Fort Polk garrison Command Sgt. Maj. Stephen Nielson, (left) takes notes as he and other inspection team members check the condition of a barrack’s laundry room July 26.
1 / 2 Show Caption + Hide Caption – Fort Polk garrison Command Sgt. Maj. Stephen Nielson, (left) takes notes as he and other inspection team members check the condition of a barrack’s laundry room July 26.
(Photo Credit: Chuck Cannon)
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Col. Sam Smith, Fort Polk garrison commander, speaks to Soldiers and Directorate of Public Works representatives before beginning the Tiger Team barracks inspection July 26.
2 / 2 Show Caption + Hide Caption – Col. Sam Smith, Fort Polk garrison commander, speaks to Soldiers and Directorate of Public Works representatives before beginning the Tiger Team barracks inspection July 26.
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FORT POLK, La. — Col. Sam Smith, Fort Polk garrison commander, and garrison Command Sgt. Maj. Stephen Nielson, along with representatives from the Directorate of Public Works, conducted a Tiger Team barracks inspection July 26 of the 519th Military Police Battalion barracks.

As stated in Joint Readiness Training Center and Fort Polk Policy 3, Single Enlisted Soldier’s Living Standards for the Barracks and the Buddy Programs, the purpose of the inspections are to enforce standards, care for Soldiers and identify shortfalls in maintenance, safety or living standards.

During the inspection, Smith, Nielson and a representative from DPW, went through rooms on each floor of the barracks and discussed issues with resident Soldiers that ranged from inoperable air conditioning to non-working appliances and burned out light bulbs.

In many cases, Soldiers were not aware of the Army Maintenance Application, or ArMA. For Soldiers who reside in the barracks, ArMA allows them to instantly interact with public works clerks instead of making walk-in appointments or phone calls. ArMA is available on the Digital Garrison app.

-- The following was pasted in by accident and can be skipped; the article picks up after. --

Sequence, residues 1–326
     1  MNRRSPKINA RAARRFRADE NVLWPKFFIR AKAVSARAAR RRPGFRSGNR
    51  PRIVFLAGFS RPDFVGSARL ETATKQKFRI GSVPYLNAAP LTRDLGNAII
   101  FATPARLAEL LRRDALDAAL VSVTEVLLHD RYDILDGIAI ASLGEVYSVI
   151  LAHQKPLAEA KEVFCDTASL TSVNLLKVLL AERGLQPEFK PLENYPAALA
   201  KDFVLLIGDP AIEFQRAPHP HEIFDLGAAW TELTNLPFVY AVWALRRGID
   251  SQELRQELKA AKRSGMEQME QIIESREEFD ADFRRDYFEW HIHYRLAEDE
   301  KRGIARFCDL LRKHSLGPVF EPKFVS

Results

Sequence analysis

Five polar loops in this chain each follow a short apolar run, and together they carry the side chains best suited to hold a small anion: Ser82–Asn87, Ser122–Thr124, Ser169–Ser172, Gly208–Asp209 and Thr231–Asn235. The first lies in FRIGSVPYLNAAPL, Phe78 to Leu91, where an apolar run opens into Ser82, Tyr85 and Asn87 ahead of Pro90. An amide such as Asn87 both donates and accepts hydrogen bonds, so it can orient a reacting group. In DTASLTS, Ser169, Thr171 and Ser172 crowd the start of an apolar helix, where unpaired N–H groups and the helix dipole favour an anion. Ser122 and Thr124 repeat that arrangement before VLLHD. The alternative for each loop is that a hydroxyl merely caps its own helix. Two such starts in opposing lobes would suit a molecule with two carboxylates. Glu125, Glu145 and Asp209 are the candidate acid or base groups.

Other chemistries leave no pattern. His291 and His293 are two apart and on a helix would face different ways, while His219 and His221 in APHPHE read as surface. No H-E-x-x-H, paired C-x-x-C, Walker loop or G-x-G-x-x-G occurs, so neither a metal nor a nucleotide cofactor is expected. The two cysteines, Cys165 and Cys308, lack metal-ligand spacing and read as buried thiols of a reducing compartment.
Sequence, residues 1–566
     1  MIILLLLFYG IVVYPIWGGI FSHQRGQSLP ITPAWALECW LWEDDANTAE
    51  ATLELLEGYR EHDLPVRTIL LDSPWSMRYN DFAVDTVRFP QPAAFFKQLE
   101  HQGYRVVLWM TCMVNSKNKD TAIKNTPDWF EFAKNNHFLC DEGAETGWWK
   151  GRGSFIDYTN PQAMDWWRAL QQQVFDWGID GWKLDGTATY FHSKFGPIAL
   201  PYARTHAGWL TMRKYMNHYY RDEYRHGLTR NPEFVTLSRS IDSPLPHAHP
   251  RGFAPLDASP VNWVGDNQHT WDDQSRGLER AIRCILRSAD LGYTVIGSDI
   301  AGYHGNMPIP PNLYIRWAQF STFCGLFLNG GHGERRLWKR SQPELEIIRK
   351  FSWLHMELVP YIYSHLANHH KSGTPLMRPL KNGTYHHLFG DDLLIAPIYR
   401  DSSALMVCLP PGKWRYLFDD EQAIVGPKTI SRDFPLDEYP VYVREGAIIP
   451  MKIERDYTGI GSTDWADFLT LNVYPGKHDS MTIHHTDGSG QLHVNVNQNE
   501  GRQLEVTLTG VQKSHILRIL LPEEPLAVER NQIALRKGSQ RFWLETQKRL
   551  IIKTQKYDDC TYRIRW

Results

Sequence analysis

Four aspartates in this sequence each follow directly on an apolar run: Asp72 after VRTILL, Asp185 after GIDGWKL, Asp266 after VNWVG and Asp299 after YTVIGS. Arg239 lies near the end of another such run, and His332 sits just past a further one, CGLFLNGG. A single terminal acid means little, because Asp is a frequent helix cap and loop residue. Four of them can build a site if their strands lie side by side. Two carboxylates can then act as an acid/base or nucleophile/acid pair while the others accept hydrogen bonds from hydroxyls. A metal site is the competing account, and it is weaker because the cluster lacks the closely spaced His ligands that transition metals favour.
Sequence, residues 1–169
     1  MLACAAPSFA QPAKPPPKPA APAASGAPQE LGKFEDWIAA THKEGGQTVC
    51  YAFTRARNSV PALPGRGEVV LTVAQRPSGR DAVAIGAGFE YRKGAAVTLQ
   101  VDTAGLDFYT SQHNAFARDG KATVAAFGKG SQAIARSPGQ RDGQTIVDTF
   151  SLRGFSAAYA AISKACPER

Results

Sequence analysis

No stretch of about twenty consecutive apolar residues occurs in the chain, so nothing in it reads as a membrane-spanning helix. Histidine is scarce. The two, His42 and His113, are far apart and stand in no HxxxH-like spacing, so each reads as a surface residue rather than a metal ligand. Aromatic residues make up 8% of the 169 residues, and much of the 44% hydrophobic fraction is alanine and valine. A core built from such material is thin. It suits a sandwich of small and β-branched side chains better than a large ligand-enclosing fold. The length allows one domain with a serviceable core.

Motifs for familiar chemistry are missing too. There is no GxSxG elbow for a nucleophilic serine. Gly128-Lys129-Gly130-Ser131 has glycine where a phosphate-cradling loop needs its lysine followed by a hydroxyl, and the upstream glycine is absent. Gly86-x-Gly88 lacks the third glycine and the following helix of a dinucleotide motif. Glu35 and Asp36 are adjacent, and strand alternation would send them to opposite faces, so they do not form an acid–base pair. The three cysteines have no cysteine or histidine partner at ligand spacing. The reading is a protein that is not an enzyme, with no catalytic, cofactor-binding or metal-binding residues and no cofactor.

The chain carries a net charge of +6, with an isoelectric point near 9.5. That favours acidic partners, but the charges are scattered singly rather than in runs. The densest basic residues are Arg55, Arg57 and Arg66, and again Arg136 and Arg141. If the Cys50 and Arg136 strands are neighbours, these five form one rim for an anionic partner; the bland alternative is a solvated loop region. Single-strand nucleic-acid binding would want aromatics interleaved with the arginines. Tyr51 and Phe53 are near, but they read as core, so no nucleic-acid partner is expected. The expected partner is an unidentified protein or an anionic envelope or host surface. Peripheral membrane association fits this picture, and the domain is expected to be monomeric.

ArMA uses a simple interface where residents can submit requests and provide a description of their case. Residents can take photos of the maintenance problem using the app’s camera feature and access a maintenance catalog and list of services.

Smith said he and Nielson are part of the inspections to insure high quality of life standards are upheld across the installation.

“It’s not just about projects we do on the installation, or the housing money we’re investing for our Families, it’s also about making sure we are providing quality living conditions and barracks rooms for our single soldiers,” Smith said. “We discovered things in today’s inspection that need to be fixed, which is the purpose of these Tiger Team barracks inspections: to find deficiencies and get the resources to help.”

To get the installation’s Soldiers more involved in keeping standards high in their living quarters, Smith said he is looking at developing a type of competition to reward Soldiers whose barracks are in the best condition.

“We’re looking at maybe giving all of the Soldiers who live in the barracks that grade out the best a three-day pass, or something similar,” Smith said. “We’re still working it, but I think we can come up with a way to get Soldiers invested in taking better care of their living areas.”

Tiger Team inspections are scheduled for the last Tuesday of each month.